Institutional investors plan to almost double their allocations to renewable energy infrastructure in the next five years, according to a report by Octopus Group.

The Renewables and the recovery: accelerating investment in a post-pandemic world report showed that global institutional investor plan to raise the current 4.2% allocation to 8.3% in the next five years. This is expected to increase to 10.8% over ten years as the global response to climate change gains momentum, Octopus said.

The report, which was based on a survey, showed that 80% of institutions plan to increase their allocations to renewable energy infrastructure over the next three to five years.

However, the uncertainty and challenges caused by COVID-19 and the associated downturn have slowed the pace of divestment from fossil fuels, with investors on average divesting 4.5% of their overall portfolio in 2020, compared with 5.7%, it added.

The survey, conducted by CoreData Research in September by polling 100 institutional investors representing $6.9trn in managed assets, revealed that 86% of the respondents said the prevailing low-interest-rate environment and volatility in equity markets is pushing them to seek uncorrelated sources of higher yield.

Over half of investors point to stable and predictable cash flow as a reason to invest in renewables, and 48% cite the sector’s long-term yield outlook. 

”In terms of drivers for investment, 78% of investors see pressure from millennials as boosting demand for renewables,” the report said.

Alex Brierley, co-head of Octopus Renewables, said renewable energy has proved an incredibly attractive asset class in the face of this year’s volatility, buoyed both by growing external pressures to invest responsibly, and by investors looking for long-term sources of yield.

“There is further progress to be made, however, and alongside renewables investment, divestment from fossil fuels also remains key. As gatekeepers to trillions of dollars, institutional investors have a critical role in fighting climate change.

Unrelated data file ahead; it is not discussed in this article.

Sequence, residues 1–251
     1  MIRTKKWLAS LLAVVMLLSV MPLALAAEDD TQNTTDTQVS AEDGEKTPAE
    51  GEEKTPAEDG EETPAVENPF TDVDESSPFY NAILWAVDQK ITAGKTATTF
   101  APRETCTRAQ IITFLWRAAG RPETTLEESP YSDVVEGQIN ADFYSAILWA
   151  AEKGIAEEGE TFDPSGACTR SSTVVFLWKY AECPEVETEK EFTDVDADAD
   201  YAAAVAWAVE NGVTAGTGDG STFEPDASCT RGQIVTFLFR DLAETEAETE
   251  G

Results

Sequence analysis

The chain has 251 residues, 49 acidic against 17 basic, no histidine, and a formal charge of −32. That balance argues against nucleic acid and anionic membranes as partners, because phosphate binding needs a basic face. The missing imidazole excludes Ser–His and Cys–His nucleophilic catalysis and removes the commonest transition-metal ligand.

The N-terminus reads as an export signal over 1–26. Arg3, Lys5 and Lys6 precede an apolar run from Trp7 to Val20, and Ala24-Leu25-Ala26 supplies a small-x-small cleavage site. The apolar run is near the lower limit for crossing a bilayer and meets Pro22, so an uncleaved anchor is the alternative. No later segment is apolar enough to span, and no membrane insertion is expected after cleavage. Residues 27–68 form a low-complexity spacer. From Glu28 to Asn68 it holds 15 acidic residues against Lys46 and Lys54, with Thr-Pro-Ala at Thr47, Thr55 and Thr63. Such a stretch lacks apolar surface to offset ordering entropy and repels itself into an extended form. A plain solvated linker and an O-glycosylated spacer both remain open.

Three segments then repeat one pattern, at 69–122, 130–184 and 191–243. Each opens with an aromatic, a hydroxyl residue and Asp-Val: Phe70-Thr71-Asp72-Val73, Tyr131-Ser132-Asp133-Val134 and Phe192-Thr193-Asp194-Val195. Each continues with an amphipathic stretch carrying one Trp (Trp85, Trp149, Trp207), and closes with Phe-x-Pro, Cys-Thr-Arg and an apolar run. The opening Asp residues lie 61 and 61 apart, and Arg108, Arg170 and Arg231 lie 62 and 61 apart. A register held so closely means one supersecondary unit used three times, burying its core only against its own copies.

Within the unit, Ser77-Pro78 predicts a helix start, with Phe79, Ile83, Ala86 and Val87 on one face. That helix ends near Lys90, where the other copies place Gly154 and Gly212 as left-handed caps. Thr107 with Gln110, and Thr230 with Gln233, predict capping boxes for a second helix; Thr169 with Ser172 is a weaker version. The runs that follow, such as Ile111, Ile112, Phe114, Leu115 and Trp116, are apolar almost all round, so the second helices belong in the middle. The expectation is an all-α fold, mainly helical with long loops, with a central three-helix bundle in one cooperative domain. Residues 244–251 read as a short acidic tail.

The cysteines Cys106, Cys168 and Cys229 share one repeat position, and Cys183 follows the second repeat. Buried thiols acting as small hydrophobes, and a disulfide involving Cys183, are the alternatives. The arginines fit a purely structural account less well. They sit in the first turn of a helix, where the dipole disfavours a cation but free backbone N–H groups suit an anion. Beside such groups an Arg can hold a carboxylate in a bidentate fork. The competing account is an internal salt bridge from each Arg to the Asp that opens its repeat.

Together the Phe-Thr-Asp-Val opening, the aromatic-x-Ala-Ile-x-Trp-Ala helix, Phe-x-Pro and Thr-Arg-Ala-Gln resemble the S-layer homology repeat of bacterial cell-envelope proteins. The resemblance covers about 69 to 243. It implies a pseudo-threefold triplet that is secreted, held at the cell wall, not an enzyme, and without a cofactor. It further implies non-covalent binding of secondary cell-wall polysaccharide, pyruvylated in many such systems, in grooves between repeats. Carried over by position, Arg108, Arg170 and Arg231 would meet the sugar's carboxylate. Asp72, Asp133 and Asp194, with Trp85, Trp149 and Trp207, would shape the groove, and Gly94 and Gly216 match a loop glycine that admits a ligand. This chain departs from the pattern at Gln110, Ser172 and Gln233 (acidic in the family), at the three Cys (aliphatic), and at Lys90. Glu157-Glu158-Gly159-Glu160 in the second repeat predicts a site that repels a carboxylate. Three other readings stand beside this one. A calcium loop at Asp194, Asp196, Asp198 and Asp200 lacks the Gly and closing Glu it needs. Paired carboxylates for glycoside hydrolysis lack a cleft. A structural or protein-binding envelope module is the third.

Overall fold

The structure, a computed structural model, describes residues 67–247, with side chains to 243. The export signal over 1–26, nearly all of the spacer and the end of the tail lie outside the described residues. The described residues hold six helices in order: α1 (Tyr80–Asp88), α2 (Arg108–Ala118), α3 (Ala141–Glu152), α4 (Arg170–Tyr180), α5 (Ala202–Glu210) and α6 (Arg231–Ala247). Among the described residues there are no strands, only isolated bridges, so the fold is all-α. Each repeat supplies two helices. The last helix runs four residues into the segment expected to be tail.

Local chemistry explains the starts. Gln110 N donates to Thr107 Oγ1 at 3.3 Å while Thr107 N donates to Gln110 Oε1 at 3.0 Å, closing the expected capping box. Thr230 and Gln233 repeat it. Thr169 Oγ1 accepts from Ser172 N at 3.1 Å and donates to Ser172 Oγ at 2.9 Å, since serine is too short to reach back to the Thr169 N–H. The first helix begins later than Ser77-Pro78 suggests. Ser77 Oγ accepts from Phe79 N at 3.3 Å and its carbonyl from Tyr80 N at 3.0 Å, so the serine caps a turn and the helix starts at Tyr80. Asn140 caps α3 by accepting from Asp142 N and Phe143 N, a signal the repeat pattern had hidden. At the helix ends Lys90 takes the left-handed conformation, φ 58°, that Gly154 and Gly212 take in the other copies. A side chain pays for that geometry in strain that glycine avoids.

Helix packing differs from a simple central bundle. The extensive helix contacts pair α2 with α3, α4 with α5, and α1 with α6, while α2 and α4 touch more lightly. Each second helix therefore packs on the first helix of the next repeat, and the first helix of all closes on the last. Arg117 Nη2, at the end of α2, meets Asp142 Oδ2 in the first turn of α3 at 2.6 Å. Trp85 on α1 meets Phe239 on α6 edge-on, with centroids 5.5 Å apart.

“But to move the dial, investors have been clear that issues such as lack of government coordination, liquidity issues, and energy price uncertainty are standing in their way.”

Matt Setchell, co-head of Octopus Renewables, said: “We are facing two crises of unprecedented scale: the global pandemic and climate change. COVID-19 has radically impacted how we live, how businesses function and has forced governments across the world to act with urgency.

“Alongside these efforts, it is also critical that the longer-term threat of climate change remains a focus. COVID-19 can be the catalyst to a greener, more sustainable future, if governments, investors, specialist managers and energy companies are willing to work together.

“We are now at a crossroads and must seize this opportunity to build a global post-pandemic economic recovery that also opens up the renewable energy sector to attract the capital needed to tackle climate change. If we don’t act together, and if we don’t act now, it will be too late.”

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